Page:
Health Care

This is not, perhaps, all that much of a surprise

One shot of the Pfizer vaccine gives inadequate protection to cancer sufferers, new research suggests.


“Our data provides the first real-world evidence of immune efficacy following one dose of the Pfizer vaccine in immunocompromised patient populations.”

You don’t say. Vaccines work with the immune system, those whose immune system ain’t working well don;t respond to vaccines all that well. Or, at least, worse than those with better immune systems?

NHS at the forefront of technology again

The NHS is to send text messages to 400,000 people, asking them to book a coronavirus jab, with reminders for those who do not come forward.

As part of efforts to boost uptake, text invitations will be sent to those aged 55 and over, with a link to reserve an appointment at a mass vaccination centre or pharmacist.

Health officials stressed that invitation letters would continue to be sent, and that those who preferred not to travel to the sites could wait to be invited by their GP.

But they said the move could allow the programme to move more quickly through the age groups, reacting to changing vaccine supplies and filling empty slots.

Sending texts about appointments is apparently such a new idea that it can only be implemented as part of pandemic measures.


According to findings released on Monday, the prevalence of antibodies was 23% in the states of Lagos – which is home to more than 16 million people –

Up to now the country has recorded just 1,800 deaths from Covid

Measurement difficulties or just not very dangerous?

No, not really

Researchers have hailed the findings as a potential step in improving the health of people living with obesity.

For the first time it is possible to achieve through drugs what was previously only possible through weight-loss surgery, they said.

The drug, semaglutide, works by taking over the body’s own appetite regulating system in the brain, leading to reduced hunger and calorie intake.

It’s the only through surgery bit that’s wrong. Because of course there are other ways of taking over the body’s own appetite regulating system. By will.

“I’m going to eat less” or “I’m going to eat differently” or even “I’ll change how much I eat, what, and do a bit more exercise” all work assuming that the individual does actually do those things. As someone who has lost more than 10% of body weight on that third option I do know this works.

That the drug makes it easier, sure. But it’s possible without it.

Clearly true

A report from the Institute of Economic Affairs, released on Tuesday, argued that the NHS was “nothing special” and the Covid-19 crisis had been used to justify “conventional wisdom” that a state-run service is the best model for public healthcare.

“There is no rational basis for the adulation the NHS is currently receiving, and no reason to be ‘grateful’ for the fact that we have it,” argued Kristian Niemietz, the think tank’s head of Health and Welfare.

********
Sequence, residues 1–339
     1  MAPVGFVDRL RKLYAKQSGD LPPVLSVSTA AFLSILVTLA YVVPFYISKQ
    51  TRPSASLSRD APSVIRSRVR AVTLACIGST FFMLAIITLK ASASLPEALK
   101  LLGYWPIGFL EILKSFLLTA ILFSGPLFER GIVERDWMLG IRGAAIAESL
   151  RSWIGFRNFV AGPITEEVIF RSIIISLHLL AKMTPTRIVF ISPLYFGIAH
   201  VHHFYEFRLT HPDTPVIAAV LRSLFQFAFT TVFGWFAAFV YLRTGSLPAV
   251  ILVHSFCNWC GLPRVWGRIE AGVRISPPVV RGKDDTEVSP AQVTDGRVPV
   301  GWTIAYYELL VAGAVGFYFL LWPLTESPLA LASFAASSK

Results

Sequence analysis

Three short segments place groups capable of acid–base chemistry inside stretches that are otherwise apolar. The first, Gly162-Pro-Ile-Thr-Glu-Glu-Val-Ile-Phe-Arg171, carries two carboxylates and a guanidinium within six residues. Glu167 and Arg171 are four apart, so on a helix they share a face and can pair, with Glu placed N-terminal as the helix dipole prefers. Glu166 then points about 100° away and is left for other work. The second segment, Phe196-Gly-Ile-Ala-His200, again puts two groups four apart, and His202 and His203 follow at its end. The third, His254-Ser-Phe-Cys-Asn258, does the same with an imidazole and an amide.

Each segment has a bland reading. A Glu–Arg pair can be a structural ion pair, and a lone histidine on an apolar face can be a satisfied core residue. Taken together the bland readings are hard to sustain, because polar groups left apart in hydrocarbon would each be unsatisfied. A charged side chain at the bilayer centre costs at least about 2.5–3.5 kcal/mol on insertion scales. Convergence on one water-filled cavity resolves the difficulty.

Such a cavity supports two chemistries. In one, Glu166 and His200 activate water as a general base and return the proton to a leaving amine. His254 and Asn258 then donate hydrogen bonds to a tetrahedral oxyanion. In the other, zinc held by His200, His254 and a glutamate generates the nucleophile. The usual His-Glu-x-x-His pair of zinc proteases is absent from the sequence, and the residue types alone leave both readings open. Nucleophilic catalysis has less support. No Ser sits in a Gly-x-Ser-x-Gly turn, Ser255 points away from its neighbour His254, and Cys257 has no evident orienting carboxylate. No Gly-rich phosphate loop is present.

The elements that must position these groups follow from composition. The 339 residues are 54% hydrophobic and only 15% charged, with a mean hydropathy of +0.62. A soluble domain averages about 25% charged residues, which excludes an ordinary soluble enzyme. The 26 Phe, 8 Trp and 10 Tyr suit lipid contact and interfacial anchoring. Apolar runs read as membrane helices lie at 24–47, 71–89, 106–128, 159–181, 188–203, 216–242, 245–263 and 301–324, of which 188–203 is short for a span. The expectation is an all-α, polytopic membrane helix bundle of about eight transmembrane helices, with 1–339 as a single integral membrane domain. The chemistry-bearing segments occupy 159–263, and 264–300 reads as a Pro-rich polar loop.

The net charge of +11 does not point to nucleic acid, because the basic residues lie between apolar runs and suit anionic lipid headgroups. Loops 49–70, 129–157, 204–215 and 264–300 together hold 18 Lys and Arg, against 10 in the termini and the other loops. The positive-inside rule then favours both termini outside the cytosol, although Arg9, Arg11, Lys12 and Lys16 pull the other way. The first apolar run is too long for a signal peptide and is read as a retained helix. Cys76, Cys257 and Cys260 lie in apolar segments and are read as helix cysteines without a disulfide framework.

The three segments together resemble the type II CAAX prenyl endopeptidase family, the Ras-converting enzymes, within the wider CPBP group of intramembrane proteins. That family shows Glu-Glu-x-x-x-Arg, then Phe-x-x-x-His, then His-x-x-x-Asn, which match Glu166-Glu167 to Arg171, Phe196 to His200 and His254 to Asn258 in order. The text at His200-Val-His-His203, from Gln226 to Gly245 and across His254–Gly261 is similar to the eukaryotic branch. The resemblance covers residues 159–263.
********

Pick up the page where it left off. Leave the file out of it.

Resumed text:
“It should go without saying that if the UK did not have the NHS, it would not have no healthcare system. It would have a different healthcare system,” he wrote.

Exactly that this questions the modern religion is why there’s so much screaming about it.

That didn’t work out well then

After a lifetime’s advocacy for the public model of healthcare and a career as an NHS psychiatrist, he died alone in hospital

The grieving son also doesn’t know what he’s talking about:

If the escalating costs of market-driven healthcare, drugs and technology had not created a crisis within the NHS in which lack of capacity means that doctors have to decide between which patients to save, I believe he might have had a fighting chance.

Drugs are cheaper than non-drugs as a treatment. That’s why we use them. So too technologies. We use the newer ones because they do the job for fewer resources. And someone’s really going to have to explain how allocating work to the lowest bidder increases costs…..

A bit too much of the waving of the bloody shroud here perhaps.


Spain’s remaining vaccine stocks are dwindling rapidly, leading Madrid and the northern region of Cantabria to stop issuing first doses to concentrate on administering second shots.

Which should be preferred? Quite a lot of protection for someone unprotected or a bit more protection for someone already rather protected?

Use the scarce vaccine to provide first shots is the obvious answer.


NHS vaccine centres are offering Covid jabs to friends and family aged under 70 in breach of national policy, The Telegraph can disclose.

Senior NHS sources threatened to take disciplinary action against hospitals and GPs across the country offering leftover jabs to relatives and friends of staff despite being outside the top four priority cohorts.